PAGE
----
famous in the old days, near and far?
How can you ever face the Akhaian ships
or wish to go alone before those eyes..?'"
As Priam leaves Troy on his lonely journey to the Akhaian camp...
"Family and friends all followed weeping
And then, for a bit of unusual philosophical advice, after having cried together over different lost loved ones, Akhilleus says to Priam:
"Then gods out of the sky sent you this bitterness:
In what seems so obvious as to be hardly worth mentioning to any astrologer, it is the gods out of the sky who orchestrate this bitterness, the gods of Homer, the gods of heaven, or the planets of astrology. They are all one and the same, and they were one and the same during the time of Homer, being passed on from the Babylonian and Egyptian sources, as centuries later they would pass on this same information to the Romans, albeit through a Greek filter. Life tends to be witnessed by those who live it. The language, the dress, the memories and the personal experiences may be different from location to location or culture to culture, but the red planet as the God of War, the bright planet as the Goddess of Love, etc; these themes cut across the cultural divide and live on as the immortals of heaven.
As with any powerful episode in Greek drama, a myth is evoked, in this case one in which loss, separation and loneliness are the chief themes. It is the story of Niobe, who made the mistake of comparing herself to the gods. She bragged that while the great Titaness Leto had only conceived two children, Niobe had twelve.
"We are told
"She has borne two children,
"The gods made graves for them on the tenth day,
Even though Niobe turns into stone, she continues to weep, as "tears trickle down her marble face." (Ovid- Metamorphoses) Finally, as Priam returns to Troy, his mission accomplished with the body of his son, the entire city mourns:
"Dawn spread out her yellow robe on all the earth,
in his war-car, and saw the crier there,
and saw Lord Hektor on his bed of death
upon the mulecart. The girl wailed and cried
to all the city:
'Oh, look down, look down,
Now, at the sight of Hektor, all gave way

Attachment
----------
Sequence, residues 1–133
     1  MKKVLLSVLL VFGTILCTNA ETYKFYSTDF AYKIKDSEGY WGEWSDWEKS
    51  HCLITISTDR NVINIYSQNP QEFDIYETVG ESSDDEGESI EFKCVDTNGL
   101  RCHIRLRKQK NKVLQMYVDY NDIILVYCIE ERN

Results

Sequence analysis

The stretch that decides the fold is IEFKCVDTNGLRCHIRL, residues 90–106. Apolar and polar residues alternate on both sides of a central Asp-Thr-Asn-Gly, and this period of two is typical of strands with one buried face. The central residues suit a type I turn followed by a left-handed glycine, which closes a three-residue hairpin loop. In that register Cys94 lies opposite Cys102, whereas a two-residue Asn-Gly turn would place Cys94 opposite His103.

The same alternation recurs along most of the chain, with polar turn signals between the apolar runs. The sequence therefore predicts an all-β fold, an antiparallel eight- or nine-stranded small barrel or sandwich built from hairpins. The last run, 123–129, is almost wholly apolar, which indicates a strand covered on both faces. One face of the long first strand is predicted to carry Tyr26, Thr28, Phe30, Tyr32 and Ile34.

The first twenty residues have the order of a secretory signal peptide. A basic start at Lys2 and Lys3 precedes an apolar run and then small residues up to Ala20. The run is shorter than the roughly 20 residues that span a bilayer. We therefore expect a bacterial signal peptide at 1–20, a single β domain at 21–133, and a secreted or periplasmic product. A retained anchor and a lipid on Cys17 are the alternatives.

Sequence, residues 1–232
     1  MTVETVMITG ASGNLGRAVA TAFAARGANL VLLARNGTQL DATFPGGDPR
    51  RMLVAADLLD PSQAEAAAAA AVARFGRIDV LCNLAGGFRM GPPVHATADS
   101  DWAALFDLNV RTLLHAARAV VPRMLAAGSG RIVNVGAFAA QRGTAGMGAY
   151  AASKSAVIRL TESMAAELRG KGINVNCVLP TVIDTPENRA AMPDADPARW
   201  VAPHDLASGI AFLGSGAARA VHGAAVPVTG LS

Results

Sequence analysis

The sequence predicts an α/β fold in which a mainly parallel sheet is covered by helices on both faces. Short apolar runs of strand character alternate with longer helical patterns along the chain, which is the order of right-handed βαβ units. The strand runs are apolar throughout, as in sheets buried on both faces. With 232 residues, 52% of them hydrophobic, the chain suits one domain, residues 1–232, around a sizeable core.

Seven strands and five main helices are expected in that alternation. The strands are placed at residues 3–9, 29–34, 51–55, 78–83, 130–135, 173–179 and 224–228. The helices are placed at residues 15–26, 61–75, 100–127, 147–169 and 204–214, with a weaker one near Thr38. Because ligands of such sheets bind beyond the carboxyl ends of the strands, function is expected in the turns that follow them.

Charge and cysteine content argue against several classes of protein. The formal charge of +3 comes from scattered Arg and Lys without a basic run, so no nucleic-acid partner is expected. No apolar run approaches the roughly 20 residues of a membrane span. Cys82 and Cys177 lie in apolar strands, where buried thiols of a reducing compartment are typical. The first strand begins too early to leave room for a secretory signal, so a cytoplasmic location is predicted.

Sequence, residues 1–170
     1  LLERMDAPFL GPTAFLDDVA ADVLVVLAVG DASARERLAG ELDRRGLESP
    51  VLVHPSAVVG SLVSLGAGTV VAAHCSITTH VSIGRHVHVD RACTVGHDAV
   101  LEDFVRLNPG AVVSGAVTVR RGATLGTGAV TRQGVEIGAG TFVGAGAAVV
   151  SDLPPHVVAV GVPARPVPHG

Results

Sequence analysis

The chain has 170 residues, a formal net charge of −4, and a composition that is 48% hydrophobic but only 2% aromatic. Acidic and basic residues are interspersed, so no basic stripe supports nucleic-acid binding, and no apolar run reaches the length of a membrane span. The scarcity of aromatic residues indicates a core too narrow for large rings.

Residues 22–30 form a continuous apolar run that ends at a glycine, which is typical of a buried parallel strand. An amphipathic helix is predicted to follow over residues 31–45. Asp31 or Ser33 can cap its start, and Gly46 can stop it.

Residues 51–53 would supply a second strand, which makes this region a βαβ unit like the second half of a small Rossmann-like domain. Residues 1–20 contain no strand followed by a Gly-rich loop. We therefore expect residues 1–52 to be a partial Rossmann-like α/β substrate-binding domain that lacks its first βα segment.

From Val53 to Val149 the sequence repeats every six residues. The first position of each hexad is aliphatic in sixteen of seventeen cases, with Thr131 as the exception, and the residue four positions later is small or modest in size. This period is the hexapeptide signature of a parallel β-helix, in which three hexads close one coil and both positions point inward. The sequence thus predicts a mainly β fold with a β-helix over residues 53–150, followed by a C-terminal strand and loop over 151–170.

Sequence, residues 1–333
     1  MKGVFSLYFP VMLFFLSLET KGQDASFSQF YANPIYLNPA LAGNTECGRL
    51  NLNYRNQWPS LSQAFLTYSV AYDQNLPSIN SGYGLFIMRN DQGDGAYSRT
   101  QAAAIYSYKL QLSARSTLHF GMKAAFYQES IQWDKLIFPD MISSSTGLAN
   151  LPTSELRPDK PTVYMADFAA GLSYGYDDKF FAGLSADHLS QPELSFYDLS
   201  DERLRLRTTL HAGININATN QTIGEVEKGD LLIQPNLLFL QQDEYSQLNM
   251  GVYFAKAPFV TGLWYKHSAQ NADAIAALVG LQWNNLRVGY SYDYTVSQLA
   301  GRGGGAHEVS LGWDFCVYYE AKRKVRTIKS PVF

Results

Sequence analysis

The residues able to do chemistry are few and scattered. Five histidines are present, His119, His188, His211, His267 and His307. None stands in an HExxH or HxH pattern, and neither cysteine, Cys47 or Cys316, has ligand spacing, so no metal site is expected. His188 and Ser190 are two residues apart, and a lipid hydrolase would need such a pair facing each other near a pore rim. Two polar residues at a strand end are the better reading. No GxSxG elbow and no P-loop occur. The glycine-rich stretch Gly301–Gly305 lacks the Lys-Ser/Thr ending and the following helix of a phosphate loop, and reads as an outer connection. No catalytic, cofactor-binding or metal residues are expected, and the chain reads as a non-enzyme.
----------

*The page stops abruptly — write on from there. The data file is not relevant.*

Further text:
In these lines we catch a rare and quick glimpse of the other side of Pisces, of great emotion, but in this case of the flip side as Kassandra calls on Troy to remember joy. Kassandra is compared to Aphrodite, setting our stage, as Venus holds the position of exaltation in this sign. Notice how Homer weaves these themes together as she (and apparently she alone) summons them to 'Remember joy at seeing him return alive from battle, exalting all our city and our land!' This is the path less traveled, of turning the sadness into joy (Venus), for all that he had done. Exaltations are the highest possible expression of celestial energy, and are not often manifested in the hustle and bustle of day to day living. These are spiritual energies, which only a few are capable of obtaining, experiencing, and appreciating. In a more mundane and predictable fashion, the people of Troy seem to give way to 'loss and longing', which is usually the way one expresses Piscean calamities during a time of bereavement. It is indeed a rare few who can focus on the 'high side', when conditions seem to warrant just the reverse. And then each in turn, Hektor's wife Andromakhe, his mother Hekabe, and even Helen eulogizes Hektor and weeps for him. First, Andromakhe:
"'You could not open your strong arms to me
"Her voice broke,
"Hekabe sobbed again, and the wails redoubled.
"'...never did I have an evil word
or if my mother-in-law spoke to be bitterly...'
'...you would bring her round
with your kind heart and gentle speech. Therefore
I weep for you and for myself as well,
given this fate, this grief. In all wide Troy
no one is left who will befriend me, none;
they all shudder at me.'"
And finally, as they place Hektor on the funeral pyre:
"When Dawn that lights
...while the tears rolled down their cheeks."
This is a watery thread which runs consistently throughout the chapter. Whereas Scorpio, our previous water sign, is the act of death itself, Pisces is the emotional processing of that grief, of those who are left behind who have to deal with it and experience the loss, loneliness, grief and anguish in waves of despair.
We have established that Pisces is the twelfth sign of the zodiac, and we have suggested that repetition is one of the keys which Homer uses to underscore his theme in each of these chapters. These two notions combine as Priam prepares to ransom the body of Hektor from Akhilleus.